Though evidently very worthy, there is no evidence in Moschus' text (or elsewhere) that the monk Peter who appeared to Abba George in his dream, and thereby obtained burial in the new church, attracted active cult.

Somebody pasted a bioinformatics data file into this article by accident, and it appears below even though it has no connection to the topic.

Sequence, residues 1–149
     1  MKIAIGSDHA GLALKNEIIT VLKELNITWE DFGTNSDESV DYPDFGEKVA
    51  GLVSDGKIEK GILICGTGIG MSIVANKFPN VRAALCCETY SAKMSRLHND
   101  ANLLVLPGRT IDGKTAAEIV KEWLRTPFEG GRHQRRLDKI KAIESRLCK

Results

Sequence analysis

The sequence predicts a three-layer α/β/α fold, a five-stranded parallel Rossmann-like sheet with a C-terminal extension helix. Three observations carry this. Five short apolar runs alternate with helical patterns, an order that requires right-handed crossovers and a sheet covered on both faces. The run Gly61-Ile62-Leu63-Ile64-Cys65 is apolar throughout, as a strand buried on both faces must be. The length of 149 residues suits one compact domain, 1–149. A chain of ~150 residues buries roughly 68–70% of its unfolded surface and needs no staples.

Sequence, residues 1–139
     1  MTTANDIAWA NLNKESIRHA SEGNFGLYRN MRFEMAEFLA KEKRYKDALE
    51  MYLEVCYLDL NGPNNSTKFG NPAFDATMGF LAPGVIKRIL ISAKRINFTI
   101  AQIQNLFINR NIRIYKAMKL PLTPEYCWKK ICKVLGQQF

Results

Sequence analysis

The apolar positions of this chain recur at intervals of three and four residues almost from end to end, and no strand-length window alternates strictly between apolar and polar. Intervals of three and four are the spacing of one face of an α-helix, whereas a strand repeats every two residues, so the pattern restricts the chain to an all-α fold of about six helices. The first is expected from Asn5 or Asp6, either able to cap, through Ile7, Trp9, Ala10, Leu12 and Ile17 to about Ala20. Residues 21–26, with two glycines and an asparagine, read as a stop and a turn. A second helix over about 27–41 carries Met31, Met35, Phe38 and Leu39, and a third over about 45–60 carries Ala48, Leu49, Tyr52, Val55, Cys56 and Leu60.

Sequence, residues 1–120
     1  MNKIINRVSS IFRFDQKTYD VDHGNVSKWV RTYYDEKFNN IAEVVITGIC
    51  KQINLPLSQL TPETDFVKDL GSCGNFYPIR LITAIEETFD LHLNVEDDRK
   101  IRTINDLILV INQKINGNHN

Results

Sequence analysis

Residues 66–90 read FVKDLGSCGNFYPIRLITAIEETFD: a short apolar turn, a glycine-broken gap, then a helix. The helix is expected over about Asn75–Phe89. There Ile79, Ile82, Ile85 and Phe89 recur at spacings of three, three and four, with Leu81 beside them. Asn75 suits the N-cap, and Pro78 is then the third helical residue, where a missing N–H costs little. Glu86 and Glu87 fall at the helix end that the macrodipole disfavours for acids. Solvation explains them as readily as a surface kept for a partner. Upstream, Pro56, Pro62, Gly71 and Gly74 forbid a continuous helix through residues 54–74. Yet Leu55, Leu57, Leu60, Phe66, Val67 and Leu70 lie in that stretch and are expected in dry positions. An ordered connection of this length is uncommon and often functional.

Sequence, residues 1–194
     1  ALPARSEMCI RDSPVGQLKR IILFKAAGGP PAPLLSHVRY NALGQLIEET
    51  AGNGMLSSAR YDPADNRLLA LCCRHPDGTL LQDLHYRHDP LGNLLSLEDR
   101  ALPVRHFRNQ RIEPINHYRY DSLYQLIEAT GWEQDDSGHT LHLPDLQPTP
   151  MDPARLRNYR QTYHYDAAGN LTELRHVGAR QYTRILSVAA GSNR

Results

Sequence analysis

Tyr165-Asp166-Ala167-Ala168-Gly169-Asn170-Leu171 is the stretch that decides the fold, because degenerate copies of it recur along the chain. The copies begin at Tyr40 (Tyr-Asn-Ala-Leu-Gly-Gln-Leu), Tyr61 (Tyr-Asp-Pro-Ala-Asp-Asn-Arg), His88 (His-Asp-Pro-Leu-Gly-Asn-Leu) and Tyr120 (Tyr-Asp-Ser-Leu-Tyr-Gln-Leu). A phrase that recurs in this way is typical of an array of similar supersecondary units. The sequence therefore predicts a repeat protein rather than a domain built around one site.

Edition: Migne, J.P, Patrologia Graeca, vol. 87.3 (Paris, 1865), 2851-3116. Translations: Maisano, R., Giovanni Mosco, Il prato (Naples, 2002). Rouët de Journel, M.-J., Jean Moschus, Le Pré Spirituel (Sources chrétiennes 12; Paris, 1946, repr. 2006). Wortley, J., John Moschos, The Spiritual Meadow (Cistercian Studies Series 139; Kalamazoo, 1992). Further reading: Baynes, N.H., "The Pratum spirituale," Orientalia Christiana Periodica 13 (1947), 404-414; repr. in Baynes, Byzantine Studies and Other Essays (London, 1955), 261-270. Binggeli, A. “Collections of Edifying Stories,” in: S. Efthymiadis (ed.), The Ashgate Research Companion to Byzantine Hagiography II: Genres and Contexts (Farnham, 2014), 143-160, esp. 146-147. Chadwick, H.J., "John Moschus and his friend Sophroonios the Sophist," Journal of Theological Studies 25 (1974), 41-74. Follieri, E., "Dove e quando mori Giovanni Mosco?," Rivista di Studi Bizantini e Neoellenici 25 (1988), 3-39. Mioni, E., "Il Pratum Spirituale di Giovanni Mosco: gli episodi inediti del Cod. Marciano greco II.21," Orientalia Christiana Periodica (1951), 61-94. Mioni, E., "Jean Moschus, Moine," Dictionnaire de Spiritualité 7 (1973), cols. 632-640. Nissen, T., "Unbekannte Erzählungen aus dem Pratum Spirituale," Byzantinische Zeitschrift 38 (1938), 351-376. Pattenden, P., "The text of the Pratum Spirituale," Journal of Theological Studies 26 (1975), 38-54.